Our website uses cookies

Cookies enable us to provide the best experience possible and help us understand how visitors use our website. By browsing Infosecurity Magazine, you agree to our use of cookies.

Okay, I understand Learn more

Cyrpto-Me0wing, Not a Cute Kitty of the Internet

The internet has been the gateway to fame for many a cat, but the latest vulnerability in Drupal, the "Kitty" malware, has gained popularity for more nefarious reasons. The critical remote code execution (RCE) vulnerability is an attack variant piggybacking on the Drupalgeddon 2.0 exploit.

Researchers at Imperva reported a new technique in the crypto-jacking attack trend. "During the inspection of the attacks blocked by our systems, we came across the 'Kitty' malware, an advanced Monero cryptocurrency miner, utilizing a 'webminerpool,' an open source mining software for browsers," Imperva wrote.

Once executed, the Kitty script uses a backdoor independent of the Drupal vulnerability to establish control. A time-based job scheduler periodically re-downloads and executes a Bash script from a remote host so that the attacker can quickly make updates and changes to the infected servers. 

Nadav Avital, security research team leader at Imperva, explained that the Kitty malware works in two different directions: infecting the web server and infecting the web browsers. As a result, different detection and protection techniques are required.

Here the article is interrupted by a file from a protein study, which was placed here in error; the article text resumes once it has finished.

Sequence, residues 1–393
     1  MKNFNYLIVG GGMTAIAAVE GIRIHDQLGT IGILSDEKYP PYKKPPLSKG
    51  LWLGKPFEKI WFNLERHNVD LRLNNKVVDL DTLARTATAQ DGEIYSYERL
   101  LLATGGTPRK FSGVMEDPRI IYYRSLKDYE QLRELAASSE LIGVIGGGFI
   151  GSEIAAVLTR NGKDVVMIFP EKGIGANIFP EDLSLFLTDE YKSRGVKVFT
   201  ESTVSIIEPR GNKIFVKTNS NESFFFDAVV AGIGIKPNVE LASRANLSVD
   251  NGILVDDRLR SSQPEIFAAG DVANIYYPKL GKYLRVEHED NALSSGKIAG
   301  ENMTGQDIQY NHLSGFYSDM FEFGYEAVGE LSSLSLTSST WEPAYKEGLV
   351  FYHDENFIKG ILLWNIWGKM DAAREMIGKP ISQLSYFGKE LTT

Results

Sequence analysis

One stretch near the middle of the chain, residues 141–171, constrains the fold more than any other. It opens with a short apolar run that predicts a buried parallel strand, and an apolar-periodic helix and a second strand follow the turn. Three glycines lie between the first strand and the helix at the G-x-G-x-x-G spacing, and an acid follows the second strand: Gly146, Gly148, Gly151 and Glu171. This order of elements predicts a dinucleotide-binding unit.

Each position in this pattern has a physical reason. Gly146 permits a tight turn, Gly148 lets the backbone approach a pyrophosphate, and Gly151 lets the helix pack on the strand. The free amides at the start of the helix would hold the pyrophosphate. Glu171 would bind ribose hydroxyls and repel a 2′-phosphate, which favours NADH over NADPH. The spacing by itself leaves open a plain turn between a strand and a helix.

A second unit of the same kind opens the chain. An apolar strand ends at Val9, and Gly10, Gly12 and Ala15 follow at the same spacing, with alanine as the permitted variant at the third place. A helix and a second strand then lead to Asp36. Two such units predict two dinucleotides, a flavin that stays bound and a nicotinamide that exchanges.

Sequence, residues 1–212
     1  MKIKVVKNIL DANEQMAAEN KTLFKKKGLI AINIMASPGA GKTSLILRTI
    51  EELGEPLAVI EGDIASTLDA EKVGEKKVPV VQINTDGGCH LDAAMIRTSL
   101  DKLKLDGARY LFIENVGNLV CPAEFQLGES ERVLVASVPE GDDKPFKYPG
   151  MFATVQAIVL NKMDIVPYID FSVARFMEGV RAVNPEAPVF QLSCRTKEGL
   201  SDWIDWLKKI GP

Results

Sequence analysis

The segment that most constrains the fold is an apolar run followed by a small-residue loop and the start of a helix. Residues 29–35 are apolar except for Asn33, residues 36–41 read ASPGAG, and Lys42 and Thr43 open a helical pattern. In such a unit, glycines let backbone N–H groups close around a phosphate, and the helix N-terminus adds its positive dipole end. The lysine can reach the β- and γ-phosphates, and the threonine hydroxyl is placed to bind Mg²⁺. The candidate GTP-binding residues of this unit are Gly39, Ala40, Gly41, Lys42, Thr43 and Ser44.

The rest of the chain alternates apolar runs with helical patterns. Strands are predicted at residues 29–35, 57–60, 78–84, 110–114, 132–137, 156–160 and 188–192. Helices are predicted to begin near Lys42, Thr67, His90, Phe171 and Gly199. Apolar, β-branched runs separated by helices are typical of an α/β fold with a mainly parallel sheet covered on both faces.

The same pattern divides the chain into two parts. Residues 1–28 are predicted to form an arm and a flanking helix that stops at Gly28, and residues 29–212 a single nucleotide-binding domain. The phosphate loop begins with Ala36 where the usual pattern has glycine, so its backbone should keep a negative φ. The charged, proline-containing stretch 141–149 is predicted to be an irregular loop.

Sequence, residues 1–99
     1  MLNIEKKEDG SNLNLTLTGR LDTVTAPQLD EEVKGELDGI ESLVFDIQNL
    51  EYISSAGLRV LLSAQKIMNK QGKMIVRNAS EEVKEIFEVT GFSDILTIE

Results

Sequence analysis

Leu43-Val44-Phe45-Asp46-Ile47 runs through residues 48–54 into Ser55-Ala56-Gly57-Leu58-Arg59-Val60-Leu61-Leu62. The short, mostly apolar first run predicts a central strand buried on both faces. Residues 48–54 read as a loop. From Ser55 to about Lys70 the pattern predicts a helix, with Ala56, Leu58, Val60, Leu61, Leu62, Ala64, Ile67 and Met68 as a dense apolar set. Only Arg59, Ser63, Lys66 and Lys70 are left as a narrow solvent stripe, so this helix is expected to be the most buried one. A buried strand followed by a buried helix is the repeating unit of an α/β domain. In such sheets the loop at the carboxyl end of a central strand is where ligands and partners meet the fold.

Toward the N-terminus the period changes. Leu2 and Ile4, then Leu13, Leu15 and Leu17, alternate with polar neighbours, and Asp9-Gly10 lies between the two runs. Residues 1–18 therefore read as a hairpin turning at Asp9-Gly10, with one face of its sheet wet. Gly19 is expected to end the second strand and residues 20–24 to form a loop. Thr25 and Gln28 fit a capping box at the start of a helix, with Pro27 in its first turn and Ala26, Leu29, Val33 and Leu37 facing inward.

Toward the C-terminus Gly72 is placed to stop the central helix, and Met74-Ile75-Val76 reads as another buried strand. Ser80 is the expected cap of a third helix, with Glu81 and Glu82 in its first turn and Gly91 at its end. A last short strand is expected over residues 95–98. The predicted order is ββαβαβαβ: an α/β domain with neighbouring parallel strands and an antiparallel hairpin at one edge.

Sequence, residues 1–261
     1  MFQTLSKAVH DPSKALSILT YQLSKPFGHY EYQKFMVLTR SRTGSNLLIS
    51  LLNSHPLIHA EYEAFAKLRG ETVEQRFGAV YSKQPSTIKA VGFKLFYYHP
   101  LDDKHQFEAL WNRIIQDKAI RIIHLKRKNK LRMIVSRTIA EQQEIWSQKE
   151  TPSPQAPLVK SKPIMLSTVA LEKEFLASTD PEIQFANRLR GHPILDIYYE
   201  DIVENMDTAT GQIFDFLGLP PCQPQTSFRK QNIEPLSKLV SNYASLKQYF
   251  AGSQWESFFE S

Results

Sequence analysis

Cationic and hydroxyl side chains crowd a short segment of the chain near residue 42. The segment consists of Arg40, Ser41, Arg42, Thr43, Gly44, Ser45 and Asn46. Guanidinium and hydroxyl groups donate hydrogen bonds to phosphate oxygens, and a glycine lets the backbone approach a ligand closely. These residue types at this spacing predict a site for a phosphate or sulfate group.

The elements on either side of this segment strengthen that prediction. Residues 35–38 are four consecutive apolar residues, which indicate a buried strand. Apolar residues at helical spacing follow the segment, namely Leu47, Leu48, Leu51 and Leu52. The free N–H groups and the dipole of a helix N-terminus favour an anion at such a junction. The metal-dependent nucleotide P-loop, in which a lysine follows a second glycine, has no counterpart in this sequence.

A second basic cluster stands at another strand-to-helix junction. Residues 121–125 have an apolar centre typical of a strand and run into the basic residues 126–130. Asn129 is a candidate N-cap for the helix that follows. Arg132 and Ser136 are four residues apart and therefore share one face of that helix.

Fixing the vulnerable code, applying a patch or using a virtual patch solution are different methods that can help prevent the infection from happening.

"In a web browser, detection can be achieved by monitoring the CPU consumption. However, since normal users don't usually run monitoring tools, it's harder for them to notice it. They can detect something is wrong when the CPU fan makes a lot of noise. This happens when the fan tries to cool the CPU from all the hard mining work," Avital said.

The Kitty malware is predominately being deployed for crypto-mining purposes, but Rod Soto, director of security research at JASK, said it’s important to note that vulnerabilities that affect CMS frameworks – like Drupalgeddon 2.0 – carry additional concerns. "The systems make up a significant portion of the internet and are prime candidates for botnet herding," said Soto.

Criminals are known to use botnets for crypto-mining, spam, identity theft, phishing, financial fraud, DDoS and more. "Even though the Kitty malware is simply lining bad actors’ pockets with cryptocoins at the moment, we should expect to see new variants of malware that exploit Drupalgeddon 2.0 to execute further attacks as well," Soto said.

What’s Hot on Infosecurity Magazine?